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Democratic Club Loses Charter for Stance on Recall

September 10, 1987|JEFFREY MILLER | Times Staff Writer

The United Democratic Club of Monterey Park waged a campaign for its life Tuesday night and lost in a landslide.

At an appeal hearing in downtown Los Angeles, the executive committee of the county Democratic Party's Central Committee voted, 17 to 5, not to renew the club's charter on the grounds that it had supported a Republican candidate in a June recall election and had permitted Republicans to join.

The vote upheld a decision by the 59th Assembly District Democratic Committee, which voted in July not to renew the United Democratic Club's charter after the group joined with the Monterey Park Republican Club to oppose the recall of City Council members Patricia Reichenberger, a Democrat, and Barry L. Hatch, a Republican.

Reasons Detailed

But after refusing to renew the club's charter Tuesday, the executive committee passed a conciliatory resolution calling on the county central committee to try to resolve its differences with the club and permit those who had been in the club to reapply for a charter in 90 days.

For the Record
Los Angeles Times Sunday September 13, 1987 Home Edition San Gabriel Valley Part 9 Page 2 Column 1 Zones Desk 1 inches; 35 words Type of Material: Correction
In a photo caption accompanying a story Thursday on the decision not to renew the United Democratic Club of Monterey Park's charter, Irving Willner was described as arguing in favor of renewal. Willner was opposed to renewal of the club's charter.

In pleading their case to the committee, members of the club argued that they had opposed the recall on the principle that elected officials should not be removed from office without just cause. Hence, they had not actually endorsed a Republican candidate.

"We felt that this was an abuse of the electoral system," group member Joseph Rubin told the executive committee. "If supporting the electoral system is wrong just because it elects Republicans once in a while, then I'm afraid we're going to plead guilty to that."

However, the majority of the executive committee sided with representatives of the 59th Assembly District Democratic Committee, who said the matter was a cut-and-dried violation of the county Democratic Central Committee's bylaws.

Bylaw Section Quoted

Craig Athon, chairman of the 59th Assembly District Democratic Caucus Committee, quoted the section of the bylaws stating that among the offenses for which Democratic clubs can lose their charters is "the endorsement of a non-Democrat for elective office." He added, "It doesn't give any exceptions whatsoever."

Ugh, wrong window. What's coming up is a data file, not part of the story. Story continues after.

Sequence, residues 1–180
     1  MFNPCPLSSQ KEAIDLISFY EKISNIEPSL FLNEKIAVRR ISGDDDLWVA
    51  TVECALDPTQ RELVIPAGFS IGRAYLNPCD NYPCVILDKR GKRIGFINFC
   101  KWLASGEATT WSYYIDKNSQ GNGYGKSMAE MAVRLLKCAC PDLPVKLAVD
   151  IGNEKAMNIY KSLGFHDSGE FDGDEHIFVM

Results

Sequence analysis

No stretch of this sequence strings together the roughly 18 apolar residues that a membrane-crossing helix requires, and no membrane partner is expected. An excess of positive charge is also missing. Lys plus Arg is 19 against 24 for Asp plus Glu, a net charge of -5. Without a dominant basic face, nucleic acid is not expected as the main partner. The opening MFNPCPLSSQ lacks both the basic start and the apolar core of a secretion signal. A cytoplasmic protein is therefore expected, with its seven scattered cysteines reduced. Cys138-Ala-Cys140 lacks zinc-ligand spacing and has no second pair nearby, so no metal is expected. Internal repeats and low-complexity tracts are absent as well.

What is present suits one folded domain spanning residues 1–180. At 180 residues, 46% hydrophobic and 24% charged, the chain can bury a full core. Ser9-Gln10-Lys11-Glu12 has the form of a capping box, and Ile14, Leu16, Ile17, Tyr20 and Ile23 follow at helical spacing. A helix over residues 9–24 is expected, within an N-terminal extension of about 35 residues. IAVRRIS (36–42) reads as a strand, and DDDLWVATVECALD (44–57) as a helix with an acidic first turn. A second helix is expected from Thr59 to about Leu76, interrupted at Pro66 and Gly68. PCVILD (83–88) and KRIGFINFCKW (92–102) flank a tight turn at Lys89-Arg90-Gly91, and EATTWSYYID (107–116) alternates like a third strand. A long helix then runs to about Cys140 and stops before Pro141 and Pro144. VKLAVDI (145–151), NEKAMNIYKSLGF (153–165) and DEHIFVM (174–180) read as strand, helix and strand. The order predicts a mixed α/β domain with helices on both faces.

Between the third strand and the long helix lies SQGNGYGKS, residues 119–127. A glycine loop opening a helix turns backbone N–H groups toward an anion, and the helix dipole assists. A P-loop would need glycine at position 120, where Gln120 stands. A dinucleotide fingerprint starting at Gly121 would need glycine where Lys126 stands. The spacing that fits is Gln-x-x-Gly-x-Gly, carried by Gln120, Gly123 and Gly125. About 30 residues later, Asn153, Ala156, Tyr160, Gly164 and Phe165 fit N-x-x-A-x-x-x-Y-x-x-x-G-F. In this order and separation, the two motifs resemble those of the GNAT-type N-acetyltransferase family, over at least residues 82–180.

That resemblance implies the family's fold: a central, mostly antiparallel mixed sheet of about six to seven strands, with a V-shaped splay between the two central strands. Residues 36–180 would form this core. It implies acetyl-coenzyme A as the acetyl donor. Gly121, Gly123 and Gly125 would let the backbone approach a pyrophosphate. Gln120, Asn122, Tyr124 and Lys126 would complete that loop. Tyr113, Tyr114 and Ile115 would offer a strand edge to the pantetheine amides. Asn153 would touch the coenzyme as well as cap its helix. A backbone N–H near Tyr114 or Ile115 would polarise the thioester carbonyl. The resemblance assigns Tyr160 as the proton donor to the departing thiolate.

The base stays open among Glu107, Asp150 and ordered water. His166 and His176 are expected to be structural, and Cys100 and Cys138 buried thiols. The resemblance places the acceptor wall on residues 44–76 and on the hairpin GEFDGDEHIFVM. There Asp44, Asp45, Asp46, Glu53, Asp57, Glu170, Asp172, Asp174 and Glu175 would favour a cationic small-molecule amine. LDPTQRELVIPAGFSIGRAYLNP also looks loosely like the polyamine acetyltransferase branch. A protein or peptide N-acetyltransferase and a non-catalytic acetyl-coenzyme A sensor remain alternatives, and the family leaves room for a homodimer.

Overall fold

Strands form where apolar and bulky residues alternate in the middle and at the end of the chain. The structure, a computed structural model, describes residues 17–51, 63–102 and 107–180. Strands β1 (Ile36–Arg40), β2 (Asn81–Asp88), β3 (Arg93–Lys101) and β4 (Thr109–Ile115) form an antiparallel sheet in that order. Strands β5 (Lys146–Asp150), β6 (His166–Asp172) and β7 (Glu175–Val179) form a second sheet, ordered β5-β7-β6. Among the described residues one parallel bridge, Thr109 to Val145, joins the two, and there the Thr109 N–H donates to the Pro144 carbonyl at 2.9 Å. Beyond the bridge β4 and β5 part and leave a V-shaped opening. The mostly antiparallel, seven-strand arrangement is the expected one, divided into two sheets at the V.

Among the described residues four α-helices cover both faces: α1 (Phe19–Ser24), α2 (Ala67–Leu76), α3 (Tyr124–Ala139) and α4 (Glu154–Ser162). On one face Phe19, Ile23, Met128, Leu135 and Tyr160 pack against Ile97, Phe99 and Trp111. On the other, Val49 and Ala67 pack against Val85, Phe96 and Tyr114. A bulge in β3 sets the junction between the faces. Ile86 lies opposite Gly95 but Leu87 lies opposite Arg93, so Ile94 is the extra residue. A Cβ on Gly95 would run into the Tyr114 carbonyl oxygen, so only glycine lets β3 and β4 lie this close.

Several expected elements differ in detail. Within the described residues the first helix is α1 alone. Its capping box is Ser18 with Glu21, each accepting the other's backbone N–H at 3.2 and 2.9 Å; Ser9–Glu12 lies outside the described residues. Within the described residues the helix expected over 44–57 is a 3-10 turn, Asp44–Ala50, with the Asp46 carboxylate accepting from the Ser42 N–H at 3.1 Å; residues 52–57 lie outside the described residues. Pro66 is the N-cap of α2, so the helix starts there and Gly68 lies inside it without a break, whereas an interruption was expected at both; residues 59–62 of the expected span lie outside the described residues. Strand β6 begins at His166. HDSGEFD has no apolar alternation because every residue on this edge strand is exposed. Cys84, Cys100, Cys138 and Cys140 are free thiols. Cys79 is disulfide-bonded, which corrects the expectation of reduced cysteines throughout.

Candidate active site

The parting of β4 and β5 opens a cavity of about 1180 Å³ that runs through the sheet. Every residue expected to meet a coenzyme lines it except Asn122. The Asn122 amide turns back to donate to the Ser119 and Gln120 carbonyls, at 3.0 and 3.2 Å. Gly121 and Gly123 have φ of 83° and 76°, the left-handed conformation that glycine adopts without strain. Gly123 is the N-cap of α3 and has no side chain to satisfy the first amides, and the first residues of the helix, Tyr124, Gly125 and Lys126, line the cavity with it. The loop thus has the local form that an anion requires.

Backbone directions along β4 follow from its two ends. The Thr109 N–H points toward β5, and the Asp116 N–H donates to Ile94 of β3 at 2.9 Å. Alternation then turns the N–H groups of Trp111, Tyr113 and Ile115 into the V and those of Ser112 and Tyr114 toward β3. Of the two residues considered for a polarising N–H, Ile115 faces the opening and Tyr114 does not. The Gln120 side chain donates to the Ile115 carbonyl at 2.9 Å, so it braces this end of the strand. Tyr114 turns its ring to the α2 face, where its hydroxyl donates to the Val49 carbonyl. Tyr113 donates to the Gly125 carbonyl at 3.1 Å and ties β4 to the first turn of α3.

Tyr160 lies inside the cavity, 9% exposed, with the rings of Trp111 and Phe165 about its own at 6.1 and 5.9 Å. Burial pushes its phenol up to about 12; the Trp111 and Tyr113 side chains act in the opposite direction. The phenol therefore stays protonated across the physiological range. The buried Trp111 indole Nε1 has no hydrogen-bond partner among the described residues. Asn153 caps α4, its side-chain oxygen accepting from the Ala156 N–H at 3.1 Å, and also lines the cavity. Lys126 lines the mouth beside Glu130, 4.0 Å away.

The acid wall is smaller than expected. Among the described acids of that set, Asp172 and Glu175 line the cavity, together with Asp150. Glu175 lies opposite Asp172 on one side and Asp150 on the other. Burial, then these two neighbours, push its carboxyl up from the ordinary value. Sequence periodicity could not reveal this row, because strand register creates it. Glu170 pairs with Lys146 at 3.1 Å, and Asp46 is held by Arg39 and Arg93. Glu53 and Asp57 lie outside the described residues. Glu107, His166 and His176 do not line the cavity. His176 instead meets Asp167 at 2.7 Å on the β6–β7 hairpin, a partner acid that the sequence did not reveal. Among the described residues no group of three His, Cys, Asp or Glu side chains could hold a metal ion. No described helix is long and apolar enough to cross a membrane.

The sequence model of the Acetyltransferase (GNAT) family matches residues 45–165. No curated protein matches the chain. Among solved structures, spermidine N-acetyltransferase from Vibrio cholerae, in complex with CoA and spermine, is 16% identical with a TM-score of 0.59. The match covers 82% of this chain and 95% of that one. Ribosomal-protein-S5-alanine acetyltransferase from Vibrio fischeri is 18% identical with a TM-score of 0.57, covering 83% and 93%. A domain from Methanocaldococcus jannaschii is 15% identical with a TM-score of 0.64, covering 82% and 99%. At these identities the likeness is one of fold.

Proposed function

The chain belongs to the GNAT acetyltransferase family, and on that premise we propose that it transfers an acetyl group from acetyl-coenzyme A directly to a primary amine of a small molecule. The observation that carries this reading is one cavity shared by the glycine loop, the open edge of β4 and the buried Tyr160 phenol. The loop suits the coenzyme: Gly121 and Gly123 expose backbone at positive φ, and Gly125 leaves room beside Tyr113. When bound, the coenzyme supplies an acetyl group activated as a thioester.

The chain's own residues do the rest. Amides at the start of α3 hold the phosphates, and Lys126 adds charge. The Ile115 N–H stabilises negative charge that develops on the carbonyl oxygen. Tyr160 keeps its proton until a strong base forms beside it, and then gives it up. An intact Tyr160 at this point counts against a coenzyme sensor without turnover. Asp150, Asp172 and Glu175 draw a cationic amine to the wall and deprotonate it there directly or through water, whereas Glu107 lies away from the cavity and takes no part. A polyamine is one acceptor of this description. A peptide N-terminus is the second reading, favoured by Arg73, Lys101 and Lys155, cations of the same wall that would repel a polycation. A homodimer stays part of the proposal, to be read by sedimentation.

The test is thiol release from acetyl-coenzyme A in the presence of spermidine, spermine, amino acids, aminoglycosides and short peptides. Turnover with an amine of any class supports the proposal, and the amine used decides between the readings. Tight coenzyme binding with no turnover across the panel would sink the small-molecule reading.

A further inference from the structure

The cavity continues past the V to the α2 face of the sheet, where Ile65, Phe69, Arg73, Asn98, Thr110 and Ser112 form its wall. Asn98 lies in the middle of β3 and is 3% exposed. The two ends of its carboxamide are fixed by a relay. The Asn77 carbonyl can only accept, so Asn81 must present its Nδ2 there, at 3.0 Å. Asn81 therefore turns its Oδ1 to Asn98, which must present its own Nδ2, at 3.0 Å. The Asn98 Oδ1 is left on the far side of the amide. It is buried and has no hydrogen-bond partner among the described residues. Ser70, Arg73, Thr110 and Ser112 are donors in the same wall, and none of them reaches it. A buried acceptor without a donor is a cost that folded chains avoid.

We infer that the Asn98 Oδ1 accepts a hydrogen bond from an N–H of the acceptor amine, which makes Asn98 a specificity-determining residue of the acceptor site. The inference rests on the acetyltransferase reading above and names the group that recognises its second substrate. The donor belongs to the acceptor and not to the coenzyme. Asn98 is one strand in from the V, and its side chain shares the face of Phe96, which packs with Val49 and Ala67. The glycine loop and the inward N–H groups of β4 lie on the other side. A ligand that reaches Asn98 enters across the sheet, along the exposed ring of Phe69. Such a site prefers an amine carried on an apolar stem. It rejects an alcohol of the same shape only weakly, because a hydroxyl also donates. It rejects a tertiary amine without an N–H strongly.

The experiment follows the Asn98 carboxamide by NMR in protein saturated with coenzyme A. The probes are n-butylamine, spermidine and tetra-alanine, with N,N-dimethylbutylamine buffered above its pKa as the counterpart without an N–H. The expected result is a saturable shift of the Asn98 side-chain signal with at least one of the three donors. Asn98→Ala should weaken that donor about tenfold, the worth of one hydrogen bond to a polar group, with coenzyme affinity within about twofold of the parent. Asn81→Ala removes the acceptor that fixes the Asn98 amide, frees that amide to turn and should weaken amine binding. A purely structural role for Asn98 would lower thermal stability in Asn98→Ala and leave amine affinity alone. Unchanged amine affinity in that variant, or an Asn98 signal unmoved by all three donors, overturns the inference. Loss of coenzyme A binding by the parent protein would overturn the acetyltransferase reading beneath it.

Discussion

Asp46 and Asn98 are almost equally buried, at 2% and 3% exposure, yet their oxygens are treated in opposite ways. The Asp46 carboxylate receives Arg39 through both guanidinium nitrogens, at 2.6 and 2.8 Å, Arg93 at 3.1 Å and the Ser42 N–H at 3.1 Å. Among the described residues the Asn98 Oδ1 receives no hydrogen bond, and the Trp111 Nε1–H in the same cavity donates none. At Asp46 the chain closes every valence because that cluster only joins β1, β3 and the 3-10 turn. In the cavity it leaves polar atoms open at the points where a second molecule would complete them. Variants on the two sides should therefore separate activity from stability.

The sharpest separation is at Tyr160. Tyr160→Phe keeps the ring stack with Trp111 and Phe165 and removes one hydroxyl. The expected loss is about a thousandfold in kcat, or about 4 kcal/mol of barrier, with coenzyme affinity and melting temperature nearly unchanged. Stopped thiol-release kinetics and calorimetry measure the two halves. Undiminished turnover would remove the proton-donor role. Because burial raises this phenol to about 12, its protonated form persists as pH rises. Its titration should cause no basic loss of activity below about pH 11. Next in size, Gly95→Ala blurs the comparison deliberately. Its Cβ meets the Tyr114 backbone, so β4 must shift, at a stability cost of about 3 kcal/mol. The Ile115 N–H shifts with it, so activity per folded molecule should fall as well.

Another of the club's principal accusers was Irving Willner, president of the rival Monterey Park Democratic Club, who charged the group with "trying to subvert the electorate."

Willner was particularly riled by a newspaper ad placed jointly by the United Democratic Club and the Monterey Park Republican Club which proclaimed, "Democrats and Republicans agree" to oppose the recall. The Monterey Park Democratic Club remained neutral in the recall effort.

"By purporting to speak for all Monterey Park Democrats, this ad is a model of dishonesty and deception," Willner said. "The only people who agreed 'no' on recall were a handful of Democrats and the arch-conservative Republican club."

Rubin responded that the recall was opposed by 62% of Monterey Park voters.

The executive committee also agreed that the group had violated the section of the bylaws which requires clubs to have at least 20 members, none of whom may be Republicans. Of the 20 names submitted with the club's application for charter, Athon said, two were Republicans.

Club members said they had assumed both applicants were Democrats. One of the Republicans listed was Reichenberger, who--after being a Republican for three months--changed her registration in March. The other was Gary Gee, whom club members said never paid dues or participated actively in the group.

Valid Signatures Cited

To this assertion, Athon replied, "The United Democrats say, 'Well, he was never a member of our club.' Well, if you can count you'll notice that doesn't give them 20 signatures. . . . So they did not submit a valid application."

After the hearing, Terry De Wolfe, a member and former president of the club, expressed his disappointment.

"I'm one of those naive souls who go around believing there's justice," he said. "I guess I'm not pragmatic enough to know how these political things work . . . It seemed that the outcome was predisposed, but they didn't want to confront the substantive issue, so they came up with a technical violation."

De Wolfe said his group was the victim of political machinations by former club officers John R. Gerlach and Marilyn Houseman, who quit the United Democratic Club a few months ago in protest of its position on the recall. Gerlach and Houseman initiated the complaints that led the 59th Assembly District committee to take action against the club, he said.

After the vote opposing renewal of the club's charter was tallied from a show of hands, some club members vented their anger at the executive committee, branding the proceedings "a witch hunt."

'Attempt to Dump Us'

"This in an inquisition," Rubin said. " . . . It's an attempt to dump us."

Rubin's charge was rebuffed by executive committee member Richard Santell.

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